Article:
EIS Growth Funds – Syndicate Room and Startup Funding Club

EIS growth funds

Today’s post is a look at a couple of EIS Growth funds – later stage EIS opportunities.

EIS funds

We first looked at EIS funds back in December 2016.

  • I was worried that I might not find enough VCTs to offset my tax liability for the 2016-17 tax year.

In the event, although it was a scramble, I was able to find enough VCTs.

  • But I invested in Syndicate Room’s Fund Twenty8 in any case.
EIS growth funds

The EIS funds we looked at last time – Startup Funding Club was the other one I liked – were early stage EIS funds.

  • Both firms come out of an Angel Investing background.

The idea with the funds we’re looking at today is that the underlying companies are later stage firms coming back for a second round of money.

  • In theory they should be better prospects (though you might be buying in at a higher price).

I should also point out at this stage that I’m not entirely neutral about the two firms whose funds I’m looking at today.

  • As part of the normal process of investing / intending to invest in their regular SEIS / EIS funds, I’ve been to a number of not unpleasant pitching evenings with free drink and food.

So I am well-disposed to them, as I assume all their investors are.

Who are they for?

These funds are not for me – not this tax year at least.

  • Following the mad rush for VCTs in 2016-17, I applied early this year and have a full set for 2017-18.
  • My partner has unexpectedly gone back to work in the past couple of weeks, so for various complicated reasons she doesn’t need any VCTs or EIS this year, either.

Each of the funds we’re looking at today close in March 2018, so in the words of the Dragons:

For that reason, I’m out.


Who else might be interested? I can think of several groups:

  1. People like me who have maxed out their pensions (on the LTA) and have no alternatives to offset income tax.
  2. Those earning above £85K, and especially above £100K, who are likely to have used their annual SIPP and ISA contribution limits.
  3. Those who like to invest in startups, but prefer to reduce their risk by investing in 5-15 companies, rather than just one.
Syndicate Room

Syndicate Room

The Syndicate Room (SR) Growth Fund (“The Fund”) will invest in at least six companies that have been funded from the SR platform since 2013.

  • That gives a universe of at least 110 companies to choose from, and this is expected to have risen to 150 by the time the fund closes.

Using historical investment data and subsequent equity events, the SR Portfolio theoretical value as of the start of 2017 was 114% of subscriptions (163% after EIS tax relief).

The idea behind the Fund is that the existing relationship and proprietary knowledge of these firms means that SR are well placed to choose the best 6+ prospects.

  • This means that the companies that the Fund invests in should be performing well since their previous funding round.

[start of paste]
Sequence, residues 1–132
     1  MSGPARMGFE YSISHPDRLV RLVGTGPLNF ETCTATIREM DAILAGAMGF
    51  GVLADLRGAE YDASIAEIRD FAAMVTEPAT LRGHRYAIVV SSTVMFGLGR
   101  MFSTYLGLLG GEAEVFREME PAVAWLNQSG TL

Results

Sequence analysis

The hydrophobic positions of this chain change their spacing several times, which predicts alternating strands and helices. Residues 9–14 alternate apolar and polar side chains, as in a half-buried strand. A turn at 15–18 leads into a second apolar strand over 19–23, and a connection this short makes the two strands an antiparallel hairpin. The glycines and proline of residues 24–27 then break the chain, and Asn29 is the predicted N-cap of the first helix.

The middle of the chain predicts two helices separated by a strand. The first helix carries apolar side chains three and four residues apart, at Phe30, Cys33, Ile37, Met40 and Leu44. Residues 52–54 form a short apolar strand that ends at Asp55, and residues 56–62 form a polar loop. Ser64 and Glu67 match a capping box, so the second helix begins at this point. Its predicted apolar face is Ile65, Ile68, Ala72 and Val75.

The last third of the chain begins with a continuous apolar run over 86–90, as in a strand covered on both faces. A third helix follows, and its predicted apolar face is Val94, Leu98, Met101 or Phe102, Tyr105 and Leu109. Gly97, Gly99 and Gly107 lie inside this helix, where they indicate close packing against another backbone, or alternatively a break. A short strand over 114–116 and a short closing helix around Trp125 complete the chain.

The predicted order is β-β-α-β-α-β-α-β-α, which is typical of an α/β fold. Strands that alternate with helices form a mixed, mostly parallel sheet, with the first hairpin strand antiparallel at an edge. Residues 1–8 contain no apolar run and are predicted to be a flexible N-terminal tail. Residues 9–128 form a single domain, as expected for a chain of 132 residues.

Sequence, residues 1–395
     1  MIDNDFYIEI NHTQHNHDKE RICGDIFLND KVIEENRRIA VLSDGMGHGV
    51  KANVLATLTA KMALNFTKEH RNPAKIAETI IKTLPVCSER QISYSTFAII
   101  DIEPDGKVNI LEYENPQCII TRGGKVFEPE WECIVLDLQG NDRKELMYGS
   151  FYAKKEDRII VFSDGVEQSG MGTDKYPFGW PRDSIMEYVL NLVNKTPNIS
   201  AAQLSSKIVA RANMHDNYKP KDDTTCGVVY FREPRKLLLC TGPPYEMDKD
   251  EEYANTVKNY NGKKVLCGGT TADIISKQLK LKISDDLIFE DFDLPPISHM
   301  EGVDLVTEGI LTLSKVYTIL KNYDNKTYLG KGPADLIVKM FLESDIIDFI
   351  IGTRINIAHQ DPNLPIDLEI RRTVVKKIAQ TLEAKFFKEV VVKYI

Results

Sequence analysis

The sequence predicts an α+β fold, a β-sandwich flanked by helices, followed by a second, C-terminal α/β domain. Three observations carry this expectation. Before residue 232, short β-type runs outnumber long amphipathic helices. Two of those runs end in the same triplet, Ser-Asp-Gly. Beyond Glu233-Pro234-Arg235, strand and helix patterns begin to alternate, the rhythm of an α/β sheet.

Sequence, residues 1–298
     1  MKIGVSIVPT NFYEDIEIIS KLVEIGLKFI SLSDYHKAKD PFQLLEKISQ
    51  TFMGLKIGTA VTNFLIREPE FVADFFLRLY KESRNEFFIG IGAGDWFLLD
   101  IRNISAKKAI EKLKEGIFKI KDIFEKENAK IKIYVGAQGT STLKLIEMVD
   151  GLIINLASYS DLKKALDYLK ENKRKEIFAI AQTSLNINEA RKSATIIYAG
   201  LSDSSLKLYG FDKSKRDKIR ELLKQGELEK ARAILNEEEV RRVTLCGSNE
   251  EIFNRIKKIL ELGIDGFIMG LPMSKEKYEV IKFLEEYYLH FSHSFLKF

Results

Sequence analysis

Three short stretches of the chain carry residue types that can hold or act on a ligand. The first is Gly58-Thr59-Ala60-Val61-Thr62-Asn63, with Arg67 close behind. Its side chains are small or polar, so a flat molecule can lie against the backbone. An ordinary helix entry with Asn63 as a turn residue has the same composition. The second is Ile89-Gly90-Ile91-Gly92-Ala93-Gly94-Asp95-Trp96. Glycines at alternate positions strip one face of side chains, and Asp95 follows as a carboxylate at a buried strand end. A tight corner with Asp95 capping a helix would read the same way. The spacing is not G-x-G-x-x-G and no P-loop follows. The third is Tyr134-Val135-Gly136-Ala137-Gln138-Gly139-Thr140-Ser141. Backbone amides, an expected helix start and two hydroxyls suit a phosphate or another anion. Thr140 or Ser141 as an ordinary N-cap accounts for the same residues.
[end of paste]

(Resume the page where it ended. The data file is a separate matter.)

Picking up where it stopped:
• But SR also reserve the right to invest in a non-SR firm if the right opportunity appears.

SR growth fund composition

The diagram shows a hypothetical fund composition based on historical data.

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The Fund will invest alongside Lead Investors who will set the investment terms (price etc).

  • Each investment will be for between £250K and £2M.

The target IRR for the Fund is 20% (including the EIS tax relief).

  • If you exclude the tax relief, the IRR drops to 10.6%.

Note that Fund investors have no voting rights and no pre-emption rights.

  • Fund Twenty8 has pre-emption rights, which protect early investors from later dilution.

Each investee company will either:

  1. be revenue generating already
  2. be in the advanced stages of development of IP

The firms are unlikely to be profitable at the point of investment.


The minimum investment is £10K (as per Fund Twenty8) and the closing date is 30th March 2018.

  • The fund is planning to raise a total of £9M.
  • It will take 18 to 24 months to invest the money it raises.
  • The target holding period is three to seven years (three years is the minimum for EIS relief).

Fees are 1% initial (plus £10 for your EIS 3 form), 1.5% annual, and a 20% performance fee above the first 100% returned.

  • The annual fee is higher than for Fund Twenty8 (which was 1% pa) and the first seven years fees (10.5%) are being retained from the subscription monies.
  • From memory, the Fund Twenty8 performance fee hurdle was higher, too – at 120%.
  • Note also that you are sent one EIS form per investee company.
Startup Funding Club

Startup Funding Club

The Startup Funding Club (SFC) EIS Growth Fund will be managed by Enterprise Investment Partners (EIP).

  • The two firms have offices close to each other in King’s Cross / St Pancras.

The fund has a target maximum size of £10M and closes on 4th April 2018.

  • That’s a few days after the SR fund, but still in this tax year.
  • SFC and EIP will invest “up to £50K” into the fund between them.